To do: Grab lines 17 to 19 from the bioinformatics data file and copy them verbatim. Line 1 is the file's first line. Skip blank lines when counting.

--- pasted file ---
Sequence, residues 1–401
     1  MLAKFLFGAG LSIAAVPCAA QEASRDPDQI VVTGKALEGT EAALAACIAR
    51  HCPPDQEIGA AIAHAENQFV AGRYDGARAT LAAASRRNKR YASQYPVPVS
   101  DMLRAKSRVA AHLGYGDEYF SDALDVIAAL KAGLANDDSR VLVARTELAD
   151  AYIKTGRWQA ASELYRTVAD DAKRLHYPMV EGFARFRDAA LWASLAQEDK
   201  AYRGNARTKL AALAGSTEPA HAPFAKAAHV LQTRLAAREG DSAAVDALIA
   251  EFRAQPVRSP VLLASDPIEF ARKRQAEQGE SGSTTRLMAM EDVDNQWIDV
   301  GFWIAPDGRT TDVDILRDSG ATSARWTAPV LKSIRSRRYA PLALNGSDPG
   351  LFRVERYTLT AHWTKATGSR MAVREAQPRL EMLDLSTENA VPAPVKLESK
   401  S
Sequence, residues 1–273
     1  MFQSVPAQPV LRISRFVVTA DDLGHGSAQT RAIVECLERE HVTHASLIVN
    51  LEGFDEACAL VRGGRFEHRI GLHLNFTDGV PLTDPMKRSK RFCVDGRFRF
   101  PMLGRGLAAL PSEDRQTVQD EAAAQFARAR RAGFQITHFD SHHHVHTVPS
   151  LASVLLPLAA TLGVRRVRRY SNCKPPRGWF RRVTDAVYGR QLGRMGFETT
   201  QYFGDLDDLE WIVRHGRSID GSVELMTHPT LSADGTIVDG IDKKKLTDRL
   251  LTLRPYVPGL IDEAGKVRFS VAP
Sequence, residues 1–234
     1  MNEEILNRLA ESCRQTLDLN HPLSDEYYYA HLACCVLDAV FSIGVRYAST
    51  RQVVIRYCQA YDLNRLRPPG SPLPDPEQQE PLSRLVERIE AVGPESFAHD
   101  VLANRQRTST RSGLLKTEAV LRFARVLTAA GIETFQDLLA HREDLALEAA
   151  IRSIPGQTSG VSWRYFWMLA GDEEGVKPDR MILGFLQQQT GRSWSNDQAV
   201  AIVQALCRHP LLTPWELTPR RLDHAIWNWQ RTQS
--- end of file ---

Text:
   251  LTLRPYVPGL IDEAGKVRFS VAP
Sequence, residues 1–234
     1  MNEEILNRLA ESCRQTLDLN HPLSDEYYYA HLACCVLDAV FSIGVRYAST